As far as I can tell you can use your horn to say any of the following things on the roads in Peru:
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1. Watch out, I’m behind you.
2. Get out of my way.
3. Hurry up.
4. Slow down.
5. (To pedestrians) Don’t cross.
6. (To pedestrians) Cross.
So pretty much for any occasion…
The roads in Arequipa are interesting to say the least. I’ve tried hard to see whether drivers do follow any rules but as far as I can see people seem to make up their own. These include cars lining up side by side to turn left onto a main road (rather than waiting behind each other); pulling out of junctions directly into oncoming traffic and veering around buses which stop frequently for passengers who flag them down (no bus stops here for mean drivers to sail past).
I am assuming that there is some kind of seatbelt law, as many of the drivers wear their seatbelts draped across their chests but not actually plugged it – as though they are merely a fashion accessory rather than a potentially life-saving device.
Being settled in one place for a couple of weeks means I have been able to experience a lot more of the day to day life in Peru and one of my favourite parts of the day is the journey to and from school.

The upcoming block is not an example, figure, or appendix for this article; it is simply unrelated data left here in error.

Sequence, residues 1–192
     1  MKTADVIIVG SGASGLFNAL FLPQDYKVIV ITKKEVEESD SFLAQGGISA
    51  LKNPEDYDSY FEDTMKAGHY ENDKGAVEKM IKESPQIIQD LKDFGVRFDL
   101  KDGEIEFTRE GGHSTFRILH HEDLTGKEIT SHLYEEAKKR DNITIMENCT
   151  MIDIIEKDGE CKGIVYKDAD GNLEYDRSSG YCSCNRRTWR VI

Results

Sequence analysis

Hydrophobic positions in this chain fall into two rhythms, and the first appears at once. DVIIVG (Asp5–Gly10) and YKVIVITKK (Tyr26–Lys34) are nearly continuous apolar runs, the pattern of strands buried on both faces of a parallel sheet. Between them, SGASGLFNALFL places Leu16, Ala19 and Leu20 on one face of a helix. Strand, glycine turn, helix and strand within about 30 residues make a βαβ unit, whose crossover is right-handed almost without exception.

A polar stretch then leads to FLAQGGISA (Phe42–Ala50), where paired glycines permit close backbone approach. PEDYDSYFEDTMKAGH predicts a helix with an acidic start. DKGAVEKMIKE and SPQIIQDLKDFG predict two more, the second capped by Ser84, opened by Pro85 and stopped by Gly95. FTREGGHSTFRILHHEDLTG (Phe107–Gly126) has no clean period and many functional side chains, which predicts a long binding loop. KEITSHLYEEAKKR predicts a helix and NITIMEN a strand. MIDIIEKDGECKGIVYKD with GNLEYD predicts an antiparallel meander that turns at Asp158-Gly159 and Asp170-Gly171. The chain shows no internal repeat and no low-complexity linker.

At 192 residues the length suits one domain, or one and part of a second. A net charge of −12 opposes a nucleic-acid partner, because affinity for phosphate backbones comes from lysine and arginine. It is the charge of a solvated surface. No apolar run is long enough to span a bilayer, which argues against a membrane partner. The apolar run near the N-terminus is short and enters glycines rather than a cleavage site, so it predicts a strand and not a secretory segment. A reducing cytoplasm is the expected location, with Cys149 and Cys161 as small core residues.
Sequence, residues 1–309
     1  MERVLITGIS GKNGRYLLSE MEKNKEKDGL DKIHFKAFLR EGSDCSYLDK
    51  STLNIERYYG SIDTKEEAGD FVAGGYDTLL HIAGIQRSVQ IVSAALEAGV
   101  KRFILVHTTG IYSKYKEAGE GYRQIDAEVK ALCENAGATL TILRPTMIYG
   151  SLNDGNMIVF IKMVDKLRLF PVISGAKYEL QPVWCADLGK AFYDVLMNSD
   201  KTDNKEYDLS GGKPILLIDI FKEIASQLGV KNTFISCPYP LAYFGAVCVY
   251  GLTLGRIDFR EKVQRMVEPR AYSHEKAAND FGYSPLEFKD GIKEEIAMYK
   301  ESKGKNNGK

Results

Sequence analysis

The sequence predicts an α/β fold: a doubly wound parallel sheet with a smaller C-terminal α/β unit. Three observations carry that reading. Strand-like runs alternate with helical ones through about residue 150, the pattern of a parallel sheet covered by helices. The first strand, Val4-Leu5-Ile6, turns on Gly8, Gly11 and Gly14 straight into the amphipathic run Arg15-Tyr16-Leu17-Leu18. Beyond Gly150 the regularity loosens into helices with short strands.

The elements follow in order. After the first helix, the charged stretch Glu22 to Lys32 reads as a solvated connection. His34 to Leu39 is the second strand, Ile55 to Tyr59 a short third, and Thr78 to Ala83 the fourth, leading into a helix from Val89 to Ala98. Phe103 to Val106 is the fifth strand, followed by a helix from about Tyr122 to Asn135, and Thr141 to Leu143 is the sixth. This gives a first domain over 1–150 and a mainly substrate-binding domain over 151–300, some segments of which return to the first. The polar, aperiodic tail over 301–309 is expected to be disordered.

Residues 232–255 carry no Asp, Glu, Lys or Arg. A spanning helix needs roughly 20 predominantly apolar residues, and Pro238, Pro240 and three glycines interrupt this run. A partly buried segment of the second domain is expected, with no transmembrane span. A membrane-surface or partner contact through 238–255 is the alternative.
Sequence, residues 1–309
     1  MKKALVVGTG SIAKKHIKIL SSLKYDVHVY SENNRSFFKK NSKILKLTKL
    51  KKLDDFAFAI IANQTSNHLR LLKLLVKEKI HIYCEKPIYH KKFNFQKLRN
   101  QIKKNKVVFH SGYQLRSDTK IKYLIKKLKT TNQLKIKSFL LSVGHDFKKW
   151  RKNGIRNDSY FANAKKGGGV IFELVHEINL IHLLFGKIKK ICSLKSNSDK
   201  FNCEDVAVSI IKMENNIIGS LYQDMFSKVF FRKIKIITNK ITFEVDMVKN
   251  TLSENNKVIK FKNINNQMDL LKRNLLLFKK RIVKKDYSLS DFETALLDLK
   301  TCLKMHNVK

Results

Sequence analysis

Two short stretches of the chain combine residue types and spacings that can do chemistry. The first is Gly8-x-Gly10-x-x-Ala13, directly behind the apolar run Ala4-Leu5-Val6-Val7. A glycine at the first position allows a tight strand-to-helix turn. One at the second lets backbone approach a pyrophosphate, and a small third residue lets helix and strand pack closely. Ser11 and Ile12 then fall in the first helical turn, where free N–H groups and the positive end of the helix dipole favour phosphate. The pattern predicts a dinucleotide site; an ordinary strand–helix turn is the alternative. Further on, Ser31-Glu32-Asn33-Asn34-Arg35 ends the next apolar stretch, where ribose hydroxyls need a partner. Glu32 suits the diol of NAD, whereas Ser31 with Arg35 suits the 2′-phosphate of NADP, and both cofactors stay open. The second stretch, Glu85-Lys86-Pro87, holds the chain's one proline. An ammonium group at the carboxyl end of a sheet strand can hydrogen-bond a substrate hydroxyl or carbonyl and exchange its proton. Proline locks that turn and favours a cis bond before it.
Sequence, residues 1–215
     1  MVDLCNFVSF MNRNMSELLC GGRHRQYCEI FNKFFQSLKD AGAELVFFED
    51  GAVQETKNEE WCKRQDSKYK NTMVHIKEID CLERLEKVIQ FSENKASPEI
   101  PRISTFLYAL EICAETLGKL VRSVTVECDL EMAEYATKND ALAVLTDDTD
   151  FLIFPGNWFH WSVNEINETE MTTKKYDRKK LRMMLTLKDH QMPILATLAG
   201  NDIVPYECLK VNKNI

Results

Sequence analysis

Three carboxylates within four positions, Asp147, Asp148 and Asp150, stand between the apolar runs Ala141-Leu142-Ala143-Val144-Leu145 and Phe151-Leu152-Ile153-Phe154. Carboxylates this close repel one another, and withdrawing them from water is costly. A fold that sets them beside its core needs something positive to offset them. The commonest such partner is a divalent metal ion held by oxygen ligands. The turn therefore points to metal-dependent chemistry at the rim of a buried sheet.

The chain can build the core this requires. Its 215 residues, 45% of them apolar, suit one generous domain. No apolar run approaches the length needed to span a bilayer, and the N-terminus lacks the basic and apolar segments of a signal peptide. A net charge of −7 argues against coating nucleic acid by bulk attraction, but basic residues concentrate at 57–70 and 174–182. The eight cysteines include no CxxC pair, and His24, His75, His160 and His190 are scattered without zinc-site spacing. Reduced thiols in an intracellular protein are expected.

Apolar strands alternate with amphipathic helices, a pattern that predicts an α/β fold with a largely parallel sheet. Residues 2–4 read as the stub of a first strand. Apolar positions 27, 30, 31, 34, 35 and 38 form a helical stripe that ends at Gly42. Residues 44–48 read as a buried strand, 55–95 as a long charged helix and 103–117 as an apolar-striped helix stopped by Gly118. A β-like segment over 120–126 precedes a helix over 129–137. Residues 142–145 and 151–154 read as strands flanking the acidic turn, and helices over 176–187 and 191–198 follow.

The bus we take is an old yellow school bus from America. After flagging it down, the next task is to squeeze yourself into a spot. Usually all of the seats are taken so the trick is to try and wedge yourself in as securely as possible, as the bus drivers have a tendency to carry out emergency stops (either to pick up a passenger or as a result of another car pulling in front of them.)
Standing for the duration of the journey isn’t too bad for someone short like me. For once in my life I’m about ‘average’ height here in Peru. But for one of our volunteers who is 6ft 7ins, it can get a bit uncomfortable as he has to stand with his neck at an angle for the whole journey.
The ride to school costs 20p and usually takes about 45 minutes. However it’s good to allow more time as it’s not unusual for the bus to stop to fill up with petrol on the way, often only about 40 soles worth (less than 10 pounds).
I love people watching during the journey. The bus is always filled with excited school children, who like to shout ‘hello, goodbye’ at us; women carrying huge bags from the market, with their babies strapped to their backs in colourful blankets and people in smart suits going to and from their jobs in the city. We’ve already met a few characters, including a man who requested that the bus driver changed the cheesy Latino pop music for his Mick Jagger album before proceeding to tell us, in the Queen’s English, how Mick had changed his life.
After two weeks something tells me that I’ll never be able to figure out what the official rules of the road are here but I’ve definitely had fun trying to work it out.